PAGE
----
|Publication number||US4294694 A|
|Application number||US 06/024,083|
|Publication date||Oct 13, 1981|
|Filing date||Mar 26, 1979|
|Priority date||Mar 28, 1978|
|Publication number||024083, 06024083, US 4294694 A, US 4294694A, US-A-4294694, US4294694 A, US4294694A|
|Inventors||John L. Coulthard|
|Original Assignee||Coulthard J L|
|Export Citation||BiBTeX, EndNote, RefMan|
|Patent Citations (6), Referenced by (26), Classifications (16)|
|External Links: USPTO, USPTO Assignment, Espacenet|
This invention relates to biological filters for the treatment of a liquid medium in particular to a substrate for use in such filters and especially for use in anaerobic digesters and fermentation apparatus.
Biological filters for the treatment of polluted liquid media such as sewage, organic wastes or industrial effluents use biologically active organisms to biochemically degrade the media, e.g. into gases and inert non polluting disposable sludge.
Activated sludge plants and biological filters commonly used to treat sewage rely on aerobic micro-organisms to oxidise organic pollutants biologically to carbon dioxide and water, the residue being disposable sludge which can be used as fertilizer.
Anaerobic filters operate on the use of a population of micro-organisms which grow in the absence of oxygen and convert polluted matter such as sewage, organic wastes or industrial effluents, to a mixture of carbon dioxide and methane, and a sludge of inert nitrogenous matter which may be collected and used as fertilizer. One such method and apparatus for anaerobic fermentation is disclosed in co-pending Australian Pat. No. 480,689 and Application No. 16108/76.
In both types of biological filter the effective operation of the process depends on the aerobic or anaerobic micro-organisms being able to attack the whole mass of polluted media and for this purpose an inert substrate is provided on which the mirco-organisms grow and through the polluted media flow to allow the bio-chemical degeneration.
Conventional anaerobic biological filter systems consist of a closed tank which contains a flooded bed of an inert filter substrate such as the type used in biological filters and up through which the polluted medium is passed. The filter substrate is conventionally stones or plastics shapes in rigid formation defining comparatively narrow flow paths for the influent. The substrate constitutes an inert surface to which methanogenic bacteria adhere, the bacteria serving to break down the polluted matter into carbon dioxide, methane and inert sludge. It is important that the surface area of the substrate is as large as possible to ensure that there is a high exposure of the polluted medium to the degenerative bacteria.
However, a problem with such filter substrates is that the comparatively narrow passageway defined between the stones or plastics shapes give rise to clogging and therefore limits the effective solids concentration of the polluted media to about 3000 mg/l B.O.D. (biochemical oxygen demand). The clogging of the substrate requires constant back-washing and limits the solids concentration of the influent. Simply increasing the cross-sectional area of the flow path within the filter substrate does not completely solve the problem because when the flow path becomes too great the bacterial seed which activates the biochemical degradation of the polluted medium tends to flow straight through the apparatus reducing the bacterial growth on the filter substrate and causing volatile acid inhibition of the partially treated polluted medium.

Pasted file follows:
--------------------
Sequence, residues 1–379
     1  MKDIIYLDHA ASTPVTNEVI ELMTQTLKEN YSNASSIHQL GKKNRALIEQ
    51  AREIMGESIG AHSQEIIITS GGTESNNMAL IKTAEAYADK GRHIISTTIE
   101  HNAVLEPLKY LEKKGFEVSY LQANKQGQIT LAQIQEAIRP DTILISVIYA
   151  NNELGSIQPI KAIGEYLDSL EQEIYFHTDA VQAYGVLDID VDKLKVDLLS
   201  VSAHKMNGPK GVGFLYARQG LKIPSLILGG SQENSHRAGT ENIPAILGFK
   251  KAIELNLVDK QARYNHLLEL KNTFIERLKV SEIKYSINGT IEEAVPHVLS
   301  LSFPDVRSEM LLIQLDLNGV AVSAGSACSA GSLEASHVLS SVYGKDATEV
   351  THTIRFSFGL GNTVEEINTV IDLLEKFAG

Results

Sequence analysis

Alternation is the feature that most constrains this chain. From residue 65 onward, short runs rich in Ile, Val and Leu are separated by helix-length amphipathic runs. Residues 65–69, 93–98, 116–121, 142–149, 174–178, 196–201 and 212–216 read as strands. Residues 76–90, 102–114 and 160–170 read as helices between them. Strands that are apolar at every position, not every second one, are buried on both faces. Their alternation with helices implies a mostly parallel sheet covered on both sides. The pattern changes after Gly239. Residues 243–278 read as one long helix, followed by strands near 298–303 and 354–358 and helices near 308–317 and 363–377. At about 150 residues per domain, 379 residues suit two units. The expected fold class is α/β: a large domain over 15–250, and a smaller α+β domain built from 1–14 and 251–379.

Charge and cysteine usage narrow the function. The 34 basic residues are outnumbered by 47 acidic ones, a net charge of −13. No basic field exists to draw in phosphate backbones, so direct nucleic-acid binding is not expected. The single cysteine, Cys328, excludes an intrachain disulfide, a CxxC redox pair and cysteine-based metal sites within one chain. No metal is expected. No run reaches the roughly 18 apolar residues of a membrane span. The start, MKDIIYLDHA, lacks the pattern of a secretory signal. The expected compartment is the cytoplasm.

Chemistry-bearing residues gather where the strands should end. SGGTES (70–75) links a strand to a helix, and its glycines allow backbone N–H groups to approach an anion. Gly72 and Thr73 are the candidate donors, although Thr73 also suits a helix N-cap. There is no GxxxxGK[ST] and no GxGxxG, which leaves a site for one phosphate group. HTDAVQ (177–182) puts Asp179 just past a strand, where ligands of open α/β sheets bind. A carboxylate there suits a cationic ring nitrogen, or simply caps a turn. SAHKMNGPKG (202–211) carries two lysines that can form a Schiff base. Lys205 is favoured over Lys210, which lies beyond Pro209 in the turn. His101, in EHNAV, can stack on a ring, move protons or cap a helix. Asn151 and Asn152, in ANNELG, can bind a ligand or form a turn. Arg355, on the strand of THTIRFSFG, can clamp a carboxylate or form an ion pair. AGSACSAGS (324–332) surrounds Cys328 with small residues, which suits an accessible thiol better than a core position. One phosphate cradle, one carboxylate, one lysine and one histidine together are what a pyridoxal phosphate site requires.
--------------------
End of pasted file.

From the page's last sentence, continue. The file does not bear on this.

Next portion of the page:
It is an object of the present invention to provide an improved substrate for use in biological filters.
According to one aspect of the present invention there is provided a substrate for a biological filter for the treatment of a liquid medium, comprising:
at least one elongate strip of plastics material having surfaces suitable for the attachment thereto of biologically-active organisms, the strip being arranged in use to be suspended in a flowing stream of the liquid medium so that the strip and/or surfaces can randomly move in response to the flow to cause a change in the flow path past the strip.
The surfaces may be constituted by surface portions of the strip itself flexing to vary the flow path past the strip. Alternatively, the strip may be provided with projecting flanges which extend along the length of the strip. In a further embodiment the strip may be provided with spaced projecting members in the form of leaf-like structures which are flexibly secured to the strip and randomly move in the flow.
In a further embodiment a planar strip may be provided having a plurality of indentations and projections on both surfaces, the strip being flexible so that the identations and projections act as the projecting surfaces.
In a preferred embodiment the filter substrate comprises a plurality of strips of plastics as defined above arranged and spaced apart to extend along the length of a biological filter tank. The strips may be secured to the base of the tank so that they float within the tank or alternatively the strips may be weighted and suspended from the upper end of the tank.
According to a further aspect of the present invention there is provided a biological filter for the treatment of a liquid medium comprising:
a tank having an inlet and an outlet, the inlet of the tank being arranged to be connected to a source of polluted liquid medium, said medium being arranged to flow through the tank past a substrate as defined above.